In previous Article 7 reports, Afghanistan has indicated that thousands of mines continue to be recovered during operations or turned in during disarmament programs or discovered by civilians. A total of 4,392 antipersonnel mines were discovered and destroyed during calendar year 2009, including 2,006 Iranian-produced YM-1 mines.[7] Afghanistan had reported the discovery and destruction of 62,498 antipersonnel mines during 2008.[8]

Mines retained for training and development

In June 2011, the chief of operations of Mine Action Coordination Center for Afghanistan (MACCA) confirmed to the Monitor that Afghanistan does not retain any live mines for training or other purposes.[9] All mines retained by Afghanistan are fuzeless and are used to train mine detection dogs.[10] Afghanistan reported in its previous Article 7 report that it retained a total of 2,618 antipersonnel mines for training purposes, the same number and types as the previous year.[11] 


Conflict in Afghanistan intensified and spread greatly in 2010 and the first half of 2011, with the highest number of civilian casualties recorded since the fall of the Taliban regime in 2001. There have been no reports of antipersonnel mine use by Coalition or Afghan national forces, but an increase in the use of victim-activated improvised explosive devices (IEDs) by the Taliban has been recorded.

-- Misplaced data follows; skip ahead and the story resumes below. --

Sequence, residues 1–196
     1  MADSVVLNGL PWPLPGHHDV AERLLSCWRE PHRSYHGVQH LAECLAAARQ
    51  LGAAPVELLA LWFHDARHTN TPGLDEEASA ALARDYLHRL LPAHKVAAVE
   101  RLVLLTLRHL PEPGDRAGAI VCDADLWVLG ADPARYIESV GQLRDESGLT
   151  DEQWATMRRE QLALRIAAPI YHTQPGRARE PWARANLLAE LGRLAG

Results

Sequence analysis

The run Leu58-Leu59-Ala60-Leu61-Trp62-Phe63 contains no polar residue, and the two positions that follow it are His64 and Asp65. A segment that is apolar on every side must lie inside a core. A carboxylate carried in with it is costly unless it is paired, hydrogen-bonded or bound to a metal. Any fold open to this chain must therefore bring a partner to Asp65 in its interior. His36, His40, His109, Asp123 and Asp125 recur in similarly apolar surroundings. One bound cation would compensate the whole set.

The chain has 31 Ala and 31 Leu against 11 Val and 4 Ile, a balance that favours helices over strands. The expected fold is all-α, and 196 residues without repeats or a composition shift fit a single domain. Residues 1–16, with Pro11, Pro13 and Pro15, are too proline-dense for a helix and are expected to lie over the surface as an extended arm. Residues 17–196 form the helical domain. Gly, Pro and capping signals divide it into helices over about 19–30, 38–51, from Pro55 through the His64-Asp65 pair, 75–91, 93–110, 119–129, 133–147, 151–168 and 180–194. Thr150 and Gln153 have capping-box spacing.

Non-state armed groups

There has also been a notable increase in the number of reports of use of antipersonnel mines and victim-activated IEDs in Afghanistan by armed groups opposing the Kabul government and NATO/International Security Assistance Force (ISAF) forces.

In July 2011, the UN Assistance Mission in Afghanistan (UNAMA) released a report that found that the majority (approximately two-thirds) of IEDs encountered by ISAF in Afghanistan are pressure plate victim-activated devices.[12] UNAMA is of the view that victim-activated IEDs are de facto mines; that is, they function as antipersonnel mines. The majority of pressure plate IEDs are set to detonate from approximately 10kg of pressure and contain approximately 20kg of explosive, more than twice that of a standard antivehicle mine. As a result of this design and configuration, “each pressure plate IED serves as a massive anti-personnel landmine with the capability of destroying a tank. Civilians who step or drive on these IEDS have no defense against them and little chance of survival.” [13] UNAMA has called on the Taliban to cease using pressure-plate IEDs and to publicly reaffirm its 1998 decree banning mines.[14]